Aughty Walk: Rural Futures Diary. Monday---> Woodford to Knockbeha

We pulled into Woodford around half ten in the morning, stopping first at the Heritage Centre before dropping the car in town. It was a blustery day and forecasts for the week were spotty. The itinerary was clear if changeable: a five-day, roughly-50 mile trek through the Aughty region. We took out our rucksacks and the Rural Future flag from the car. We quickly met Eamon Harte, an elderly man with a hurling pin over his heart.

“Is there any future for the rural?” he said, as he watched the flag flutter.

We spoke and discussed the project. Emma gave him her Aughty map. Eamon hurried home and retrieved a photo of him hanging horizontally from a goalpost. “Ireland’s oldest swinger”, the page read.

“Exchange is no robbery” he said.

Our exit was unceremonial. We reached the town limits and realised we’d both left our phones in the car.

Eamon advised having a cup of tea at the picnic benches down by the “bay” and heading for Lough Atorick. Our plan was to head to deeper towards the Aughty Mountains, but we took his advice. There’s a funny exuberance in being out on the road on the beginning of a long walk. As I went to the bathroom for the first time in a field, I ripped my skinny leg jeans crossing over some barbed wire and fell on my back on a rock. My rucksack took most of the impact. We passed no one on the road that day and gradually worked our way into Aughty country. We’d hoped ambitiously for a swim and realistically for a glass of water from Lough Atorick, but the water was reddish-black. Water lapped into the few boats and the lake still seemed haunted by the memory of the two sisters who drowned there. As the road cut deeper into the Coilte wood, we found uprooted trees lying on their sides, pushing against the forest. Streams ran down from the mountain, but all their water was polluted. It was a long, lonely road.

It wasn’t until we met the East Clare way that we found a clean water source. It was on that small road, actually, that we discovered a small bit of unlikely agricultural industry, first a large polytunnel with plants blooming from all sides, and then a few fields away, two muddied sows. We ascended KnockBeha and happy with out day’s distance encamped near a cliff-face. We had a clear view of The Burren, plus the Derrybrien windfarm in the north and to the west, after nightfall, the lights of Galway. All the major coordinates were laid out before us. The moon rose and the night was wild.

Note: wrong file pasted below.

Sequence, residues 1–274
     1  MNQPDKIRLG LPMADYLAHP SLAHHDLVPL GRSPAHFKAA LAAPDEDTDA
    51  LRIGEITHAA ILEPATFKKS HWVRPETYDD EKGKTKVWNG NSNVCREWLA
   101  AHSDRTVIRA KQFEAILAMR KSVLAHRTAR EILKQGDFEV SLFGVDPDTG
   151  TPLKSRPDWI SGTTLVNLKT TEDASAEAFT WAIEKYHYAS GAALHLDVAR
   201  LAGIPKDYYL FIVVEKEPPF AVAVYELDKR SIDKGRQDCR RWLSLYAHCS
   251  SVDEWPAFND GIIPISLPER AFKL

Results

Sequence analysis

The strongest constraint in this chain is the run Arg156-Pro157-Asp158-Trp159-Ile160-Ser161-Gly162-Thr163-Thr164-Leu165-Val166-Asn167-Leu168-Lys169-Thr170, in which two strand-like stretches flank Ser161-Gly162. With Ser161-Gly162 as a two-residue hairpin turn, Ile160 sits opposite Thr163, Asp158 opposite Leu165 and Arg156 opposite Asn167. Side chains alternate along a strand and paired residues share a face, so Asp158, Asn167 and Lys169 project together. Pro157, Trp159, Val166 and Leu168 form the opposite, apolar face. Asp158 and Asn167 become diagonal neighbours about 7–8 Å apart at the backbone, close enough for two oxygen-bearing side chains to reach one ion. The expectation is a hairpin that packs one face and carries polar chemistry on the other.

Aughty Walk: Rural Futures Photo Diary. Monday---> Woodford to Knockbeha

Flying the Flag on the Lough Atorick to Flagmount boreen

Are they edible? Mushrooms seen on our first day while sheltering from the rain.

Food production on KnockBeha

Temporary Permanent: Container house, KnockBeha

Coilte property near Lough Atorick

Upturned trees near Lough Atorick

KnockBeha tent view

Aughty Walk: Rural Futures - The Route

View AUGHTY WALK: RURAL FUTURE in a larger map

Aughty Walk: Rural Futures Diary. Tuesday---> Knockbeha To Flagmount to Caher and Around Lough Graney

The day started slowly, with porridge and water for me, cheese and crackers for Emma. The route for the day was wide-open, other than a scheduled meeting with Aine Phillips in Flagmount to pick up supplies and Jane Talbot, the photographer who would be documenting the next leg of the trip. The temptation of the day was to climb Maghera, one of the highest peaks in Aughty. It’s tall TV post was once responsible for maintaining the television service for the entire region and had served as a beacon during the first day’s walk.

We followed the East Clare Way around and down Knockbeha, and then followed a beautifully-preserved grassy road that descended right into the village of Flagmount. We met a farmer along the road, heading upwards, who told us we were on the old Mass road. He was a bit reluctant to chat, but eventually revealed he was the owner of Green Island, the small island in the middle of Lough Graney, which under direct sunlight seems to glow. The island had been in his family’s name for over a hundred years. He said he would head to the island every other day to tend to his sheep

“How can we get out there?” Emma asked.

“You can swim,” he said. The farmer provided some of the history of the former landlords around Lough Graney, including the trained ducks who’d settled around the lake.

Sometimes it’s easier to meet people by standing still than by moving. We set up shop in the picnic benches in front of the shop to wait for Aine. We met a blow-in from Dundalk who’d slipped a disc in his back and was selling off his uncomfortable Land Rover, as well as a man who operated weeklong horseriding tours between Flagmount and Doolin.

“Are you wild camping?” he asked when he saw us.

The sun broke through as we set off around Lough Graney on the Caher side, passing the bizarre golf-ball of a bell tower outside the church, and then those ducks, crossing the street single-file. We stopped at the stones honouring Brian Merriman, who’d taught in hedgeschools around the area and Jane helped translate a few lines of the Midnight Court about Lough Graney.